Last Modified: Saturday, February 22, 2014 4:31 PM
BATON ROUGE — A commission that advises the governor on criminal sentencing issues is backing legislation to reduce penalties for simple possession of marijuana.
In November, the Louisiana Sentencing Commission turned down the idea of reducing sentences for people convicted of possessing marijuana. But after occasionally rancorous debate Thursday, the commission voted favorably on a measure that would do just that.
The Advocate reports the commission voted favorably on House Bill 14, filed by state Rep. Austin Badon Jr., D-New Orleans.
Ricky L. Babin, who chairs the Sentencing Commission, shook his head. “I never thought I’d see the day,” he said.
“This is a policy recommendation to the governor,” said Babin, who added he personally opposes the commission’s stance. “It doesn’t mean every individual here agrees with every resolution.”
Gov. Bobby Jindal responded late Thursday to the Sentencing Commission’s actions in a prepared statement: “We have not reviewed the specifics of these bills, but in general we are in favor of passing common-sense sentencing reforms that, when appropriate, lessen sentences for nonviolent drug use offenders while focusing on rehabilitation for offenders.”
The debate over marijuana came as the commission considered recommendations on a number of bills being considered during the Louisiana legislative session that begins March 10.
Under today’s law, an offender convicted the third time for possession of marijuana faces a sentence of up 20 years in prison and a $5,000 fine.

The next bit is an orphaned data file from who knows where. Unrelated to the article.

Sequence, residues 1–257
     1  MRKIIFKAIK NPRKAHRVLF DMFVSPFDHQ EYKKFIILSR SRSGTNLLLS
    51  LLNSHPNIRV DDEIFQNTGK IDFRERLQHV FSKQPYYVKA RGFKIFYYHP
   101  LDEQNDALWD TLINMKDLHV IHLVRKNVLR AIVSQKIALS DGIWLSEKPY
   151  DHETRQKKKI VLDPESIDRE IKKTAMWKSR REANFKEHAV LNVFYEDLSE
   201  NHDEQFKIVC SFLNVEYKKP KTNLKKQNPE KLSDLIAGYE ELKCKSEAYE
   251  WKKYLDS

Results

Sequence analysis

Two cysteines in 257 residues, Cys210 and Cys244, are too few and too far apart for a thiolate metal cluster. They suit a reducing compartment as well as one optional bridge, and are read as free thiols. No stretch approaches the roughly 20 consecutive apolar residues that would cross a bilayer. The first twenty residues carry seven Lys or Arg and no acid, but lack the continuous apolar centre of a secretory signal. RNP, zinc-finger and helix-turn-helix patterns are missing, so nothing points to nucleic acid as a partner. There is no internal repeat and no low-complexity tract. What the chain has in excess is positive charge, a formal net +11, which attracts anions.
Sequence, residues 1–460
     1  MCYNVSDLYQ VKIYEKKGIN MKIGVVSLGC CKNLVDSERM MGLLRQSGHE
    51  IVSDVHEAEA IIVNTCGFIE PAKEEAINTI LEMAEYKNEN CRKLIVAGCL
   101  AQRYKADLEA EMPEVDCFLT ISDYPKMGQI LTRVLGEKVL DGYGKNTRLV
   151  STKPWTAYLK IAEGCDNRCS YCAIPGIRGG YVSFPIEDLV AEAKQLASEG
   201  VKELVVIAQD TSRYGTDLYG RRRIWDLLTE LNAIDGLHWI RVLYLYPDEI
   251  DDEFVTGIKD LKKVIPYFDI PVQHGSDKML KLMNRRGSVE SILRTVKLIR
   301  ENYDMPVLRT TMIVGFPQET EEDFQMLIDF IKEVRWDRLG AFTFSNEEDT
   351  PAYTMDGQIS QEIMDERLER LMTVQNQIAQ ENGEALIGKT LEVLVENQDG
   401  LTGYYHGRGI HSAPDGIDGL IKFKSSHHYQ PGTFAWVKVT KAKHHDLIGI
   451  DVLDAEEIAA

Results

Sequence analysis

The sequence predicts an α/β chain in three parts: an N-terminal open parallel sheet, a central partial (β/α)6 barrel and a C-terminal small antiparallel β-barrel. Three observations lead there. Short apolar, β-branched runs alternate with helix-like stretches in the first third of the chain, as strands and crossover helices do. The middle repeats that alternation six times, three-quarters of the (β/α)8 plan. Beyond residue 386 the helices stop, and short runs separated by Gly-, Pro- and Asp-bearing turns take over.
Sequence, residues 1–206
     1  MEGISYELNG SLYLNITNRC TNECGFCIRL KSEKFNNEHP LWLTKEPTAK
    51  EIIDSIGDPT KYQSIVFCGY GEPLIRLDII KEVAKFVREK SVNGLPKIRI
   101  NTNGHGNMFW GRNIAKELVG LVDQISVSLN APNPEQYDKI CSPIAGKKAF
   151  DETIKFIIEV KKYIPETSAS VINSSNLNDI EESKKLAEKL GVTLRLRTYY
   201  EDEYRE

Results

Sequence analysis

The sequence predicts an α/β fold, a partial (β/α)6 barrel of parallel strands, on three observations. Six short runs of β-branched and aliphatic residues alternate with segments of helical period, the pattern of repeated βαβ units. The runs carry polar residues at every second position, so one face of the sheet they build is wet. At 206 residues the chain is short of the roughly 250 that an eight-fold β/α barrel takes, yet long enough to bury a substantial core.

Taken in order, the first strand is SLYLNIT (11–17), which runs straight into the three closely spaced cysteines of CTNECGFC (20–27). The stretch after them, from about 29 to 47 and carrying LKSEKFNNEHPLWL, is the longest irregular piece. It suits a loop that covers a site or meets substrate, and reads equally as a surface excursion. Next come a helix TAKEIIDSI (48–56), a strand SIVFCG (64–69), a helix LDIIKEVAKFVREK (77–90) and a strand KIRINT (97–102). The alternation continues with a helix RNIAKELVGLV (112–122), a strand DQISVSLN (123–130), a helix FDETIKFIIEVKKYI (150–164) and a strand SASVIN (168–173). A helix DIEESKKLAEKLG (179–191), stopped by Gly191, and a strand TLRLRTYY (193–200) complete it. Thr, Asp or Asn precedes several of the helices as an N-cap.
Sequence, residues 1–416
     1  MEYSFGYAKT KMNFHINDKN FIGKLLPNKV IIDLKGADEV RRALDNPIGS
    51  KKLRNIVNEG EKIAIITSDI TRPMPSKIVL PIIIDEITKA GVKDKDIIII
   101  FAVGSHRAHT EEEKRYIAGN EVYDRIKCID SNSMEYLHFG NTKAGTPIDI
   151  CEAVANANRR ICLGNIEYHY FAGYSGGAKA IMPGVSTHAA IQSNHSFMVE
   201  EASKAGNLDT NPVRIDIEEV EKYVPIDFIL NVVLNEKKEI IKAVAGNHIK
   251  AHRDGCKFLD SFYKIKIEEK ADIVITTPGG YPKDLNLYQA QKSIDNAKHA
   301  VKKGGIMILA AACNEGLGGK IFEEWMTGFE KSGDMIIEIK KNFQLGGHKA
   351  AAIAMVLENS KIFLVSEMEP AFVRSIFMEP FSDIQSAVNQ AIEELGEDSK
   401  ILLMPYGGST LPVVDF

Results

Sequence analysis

Badon’s legislation would reduce third-offense penalties to a maximum of five years in prison and a $2,000 fine. Those convicted a second time for possessing marijuana, under H.B. 14, would face a maximum two-year term and a fine of no more than $500, which is down from the law’s five-year sentence and $2,000 fine.
It would create a fourth- and subsequent-offense possession charge that carries a sentence of no more than eight years in prison and a $2,000 fine.
State Sen. Robert Kostelka, a member of the commission and chairman of the state Senate committee most likely to consider the legislation, argued against the commission’s stance. He said marijuana is dangerous and a precursor to harder drugs.
He also argued that lessening the sentences would hinder the ability to prosecute criminals.
Kostelka vowed to oppose the measures in the Legislature.
Posted By: C. Lyman On: 2/27/2014
Title: Emotional trumps rational behavior every time
Have we made rationally based legislative decisions leading to cost effective and violence reducing drug laws in this state? What are the current financial interests in our stated policies: (1) forfeiture incentives and job security for police (2) incarceration profits to prison operators and Court auxiliary services (3) lawyers and on and on. Are our citizens healthier, wealthier, and happier as a result?